sail-world.com
 
 
News Home Photo Gallery Cruising Australia Cruising USA Cruising Canada Boats for Sale Sail-World Racing FishingBoating
Video Gallery Newsletters
Sail-World.com : Somali piracy - dramatic drop in incidents
Somali piracy - dramatic drop in incidents

'Current piracy map - red denotes actual attack, yellow denotes attempted attack'    .

It's good news that there are, for the first time, no cruising sailors in the hands of Somali pirates, and better news that the International Maritime Bureau reports this week a six months drop in world piracy, primarily due to a dramatic drop in Somali piracy, the critical area for circumnavigating cruising sailors. The Gulf of Guinea is a different story.

The statement from the IMB reads:


The number of pirate attacks have fallen sharply in the first half of 2012, led by a drop in Somali piracy, the International Chamber of Commerce (ICC) International Maritime Bureau’s (IMB) global piracy report revealed today, but warned that these numbers were offset by a worrying increase of attacks in the Gulf of Guinea.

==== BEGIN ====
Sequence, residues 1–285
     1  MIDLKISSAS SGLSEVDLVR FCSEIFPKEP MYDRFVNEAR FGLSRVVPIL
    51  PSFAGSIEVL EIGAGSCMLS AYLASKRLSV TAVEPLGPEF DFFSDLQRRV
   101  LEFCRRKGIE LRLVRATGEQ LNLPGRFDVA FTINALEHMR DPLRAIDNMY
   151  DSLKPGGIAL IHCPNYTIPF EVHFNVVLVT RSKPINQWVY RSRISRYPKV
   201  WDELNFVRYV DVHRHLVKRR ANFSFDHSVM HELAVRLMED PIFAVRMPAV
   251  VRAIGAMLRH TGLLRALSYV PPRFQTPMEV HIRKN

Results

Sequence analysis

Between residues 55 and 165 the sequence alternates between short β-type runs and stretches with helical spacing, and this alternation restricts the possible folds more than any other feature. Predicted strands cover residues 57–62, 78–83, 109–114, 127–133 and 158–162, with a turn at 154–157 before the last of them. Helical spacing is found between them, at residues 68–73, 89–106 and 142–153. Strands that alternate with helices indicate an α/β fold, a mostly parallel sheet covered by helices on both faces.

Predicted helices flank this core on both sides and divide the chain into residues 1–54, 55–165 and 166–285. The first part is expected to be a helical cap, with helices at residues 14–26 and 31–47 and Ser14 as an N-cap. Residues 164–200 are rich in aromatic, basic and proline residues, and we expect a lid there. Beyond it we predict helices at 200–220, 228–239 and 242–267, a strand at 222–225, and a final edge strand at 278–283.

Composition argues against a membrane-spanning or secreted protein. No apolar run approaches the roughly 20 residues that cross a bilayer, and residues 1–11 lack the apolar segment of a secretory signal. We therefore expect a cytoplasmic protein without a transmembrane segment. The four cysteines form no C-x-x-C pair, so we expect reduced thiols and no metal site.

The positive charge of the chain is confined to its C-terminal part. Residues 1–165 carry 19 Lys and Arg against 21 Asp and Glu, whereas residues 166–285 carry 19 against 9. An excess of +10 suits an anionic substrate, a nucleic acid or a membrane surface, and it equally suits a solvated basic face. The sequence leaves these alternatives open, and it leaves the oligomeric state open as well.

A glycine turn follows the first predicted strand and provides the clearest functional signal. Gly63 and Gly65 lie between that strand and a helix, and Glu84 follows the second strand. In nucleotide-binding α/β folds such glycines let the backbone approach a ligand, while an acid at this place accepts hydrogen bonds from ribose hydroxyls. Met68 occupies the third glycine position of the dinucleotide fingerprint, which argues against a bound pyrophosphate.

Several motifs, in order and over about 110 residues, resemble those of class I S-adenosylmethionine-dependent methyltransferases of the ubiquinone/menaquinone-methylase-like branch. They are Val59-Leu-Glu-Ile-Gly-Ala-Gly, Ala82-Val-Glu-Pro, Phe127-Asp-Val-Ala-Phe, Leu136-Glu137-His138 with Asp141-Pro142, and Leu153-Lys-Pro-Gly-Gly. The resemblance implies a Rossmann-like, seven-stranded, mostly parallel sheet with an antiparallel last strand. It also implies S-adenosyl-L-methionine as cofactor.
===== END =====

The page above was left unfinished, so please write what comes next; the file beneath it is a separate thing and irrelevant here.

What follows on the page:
Overall, 177 incidents were reported to the IMB Piracy Reporting Centre (PRC) in the first six months of 2012, compared to 266 incidents for the corresponding period in 2011.

The report showed that 20 vessels were hijacked worldwide, with a total number of 334 crew members taken hostage. There were a further 80 vessels boarded, 25 vessels fired upon and 52 reported attempted attacks. At least four crew members were killed.

Somali piracy down but still a threat: